K. Hovnanian

MAGIC® Helps Turn Customers into Raving Fans

 
Sometimes, it takes a little MAGIC® to turn a customer into a Raving Fan.

That's why more than 50 people have attended four pilot MAGIC classes and why every associate in the company soon will attend a MAGIC workshop.

No, you won't have to wear a cape or carry a wand. You will learn techniques for controlling conversations with internal and external customers, even if the conversation starts out a little heated. In fact, Shane Kadrlik, director of warranty for the Minnesota Division of Town and County Homes, says he's been getting thank yous at the end of conversations where he never expected a thank you.

"There's a little something for everyone in this," said Shane, who's been doing customer service for several years. He liked the real world scenarios acted in small groups during the MAGIC workshops. "It allows us to be aware of how we're communicating."

MAGIC, which stands for Make A Great Impression on Customers, offers 33 points developed after a lot of research. The points are reviewed during a two-day workshop that includes discussion, demonstrations, and role-playing.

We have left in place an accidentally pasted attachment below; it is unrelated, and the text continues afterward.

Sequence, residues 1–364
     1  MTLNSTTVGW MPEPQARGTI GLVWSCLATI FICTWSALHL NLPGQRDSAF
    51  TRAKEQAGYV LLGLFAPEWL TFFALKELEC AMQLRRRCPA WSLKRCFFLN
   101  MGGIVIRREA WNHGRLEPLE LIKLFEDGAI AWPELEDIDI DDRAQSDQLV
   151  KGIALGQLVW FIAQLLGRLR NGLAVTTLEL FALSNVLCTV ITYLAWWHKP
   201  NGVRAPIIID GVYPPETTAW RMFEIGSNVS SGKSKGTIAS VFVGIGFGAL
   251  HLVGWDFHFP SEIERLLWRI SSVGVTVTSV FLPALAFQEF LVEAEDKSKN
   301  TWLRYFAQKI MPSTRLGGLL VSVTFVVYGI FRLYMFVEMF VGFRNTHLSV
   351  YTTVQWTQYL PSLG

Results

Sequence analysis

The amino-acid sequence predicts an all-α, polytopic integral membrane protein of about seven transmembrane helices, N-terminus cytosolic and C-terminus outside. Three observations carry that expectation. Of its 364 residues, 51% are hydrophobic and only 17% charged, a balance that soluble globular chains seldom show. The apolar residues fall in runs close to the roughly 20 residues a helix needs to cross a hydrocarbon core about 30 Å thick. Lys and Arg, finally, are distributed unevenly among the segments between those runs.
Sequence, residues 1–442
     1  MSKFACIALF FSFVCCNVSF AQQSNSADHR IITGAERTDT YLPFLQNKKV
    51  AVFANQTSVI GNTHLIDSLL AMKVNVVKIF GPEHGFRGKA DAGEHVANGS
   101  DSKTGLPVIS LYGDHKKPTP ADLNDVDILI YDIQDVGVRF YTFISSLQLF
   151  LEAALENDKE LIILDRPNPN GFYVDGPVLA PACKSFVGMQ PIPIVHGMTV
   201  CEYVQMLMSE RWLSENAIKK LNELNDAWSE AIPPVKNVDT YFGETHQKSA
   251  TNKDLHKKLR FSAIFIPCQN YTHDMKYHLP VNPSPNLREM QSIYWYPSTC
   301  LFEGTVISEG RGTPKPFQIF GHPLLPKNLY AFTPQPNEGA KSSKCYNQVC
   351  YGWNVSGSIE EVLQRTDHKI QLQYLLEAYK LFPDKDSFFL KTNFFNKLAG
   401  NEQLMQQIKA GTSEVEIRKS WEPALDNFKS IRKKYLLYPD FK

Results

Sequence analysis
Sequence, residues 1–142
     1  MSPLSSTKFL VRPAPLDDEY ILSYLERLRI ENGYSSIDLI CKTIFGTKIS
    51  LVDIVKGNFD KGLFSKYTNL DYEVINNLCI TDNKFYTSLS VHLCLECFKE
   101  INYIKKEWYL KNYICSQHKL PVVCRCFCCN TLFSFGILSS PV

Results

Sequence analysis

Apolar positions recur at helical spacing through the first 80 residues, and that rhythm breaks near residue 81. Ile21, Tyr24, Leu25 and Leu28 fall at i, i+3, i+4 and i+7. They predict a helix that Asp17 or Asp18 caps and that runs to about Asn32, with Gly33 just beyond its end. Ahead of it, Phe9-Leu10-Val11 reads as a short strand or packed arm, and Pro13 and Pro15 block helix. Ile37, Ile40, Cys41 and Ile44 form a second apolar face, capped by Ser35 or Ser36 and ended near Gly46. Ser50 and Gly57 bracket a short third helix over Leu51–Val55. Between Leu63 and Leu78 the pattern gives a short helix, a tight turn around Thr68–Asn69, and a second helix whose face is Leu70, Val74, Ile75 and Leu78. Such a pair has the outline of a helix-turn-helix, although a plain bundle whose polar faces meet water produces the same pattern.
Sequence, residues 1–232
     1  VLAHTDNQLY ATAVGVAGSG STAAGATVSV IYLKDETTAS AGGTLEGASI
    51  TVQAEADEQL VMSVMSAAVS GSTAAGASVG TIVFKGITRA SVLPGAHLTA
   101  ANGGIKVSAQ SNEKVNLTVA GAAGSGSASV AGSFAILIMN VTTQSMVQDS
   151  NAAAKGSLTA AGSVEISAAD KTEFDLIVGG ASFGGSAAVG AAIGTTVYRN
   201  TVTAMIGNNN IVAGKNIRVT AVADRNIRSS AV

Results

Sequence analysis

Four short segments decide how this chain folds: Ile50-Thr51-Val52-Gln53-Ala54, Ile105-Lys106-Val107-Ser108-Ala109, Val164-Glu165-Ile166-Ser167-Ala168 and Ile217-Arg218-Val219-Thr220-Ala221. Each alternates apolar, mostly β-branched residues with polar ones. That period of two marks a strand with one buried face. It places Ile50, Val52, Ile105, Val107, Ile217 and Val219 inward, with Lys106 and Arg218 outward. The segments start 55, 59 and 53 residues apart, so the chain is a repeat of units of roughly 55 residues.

K. Hovnanian joins other major corporations, such as Cendant/Coldwell Banker, Wyndham Vacation Ownership, CitiMortgage, Pulte and many others, in using the tool to foster a customer-service culture that will help them create Raving Fans. It also creates a common language and methodology for dealing with internal and external customers, which makes it easier to involve other departments. No matter how many years an associate has been dealing with customers, he or she is sure to find something of value here.

"It was very enlightening," said Division President Barry Edelman. "I found myself immediately incorporating the elements of MAGIC into my daily interaction with internal and external customers."

Like Barry and Shane, Jerry Pol, director of construction for K. Hovnanian in Ohio, has been doing customer service for years. He says, though, that MAGIC has increased his awareness of how he's dealing with customers and has given him some new tools. For instance, he recently was able to end a conversation with an agreement with the customer about what would happen next. It enabled Jerry to get off the phone and start trying to deal with the issue.

"There are certain aspects we've been doing," he said. "But there are other aspects that take you further. It'll help me on-the-job because it allows me to better understand the customer's perspective."
 
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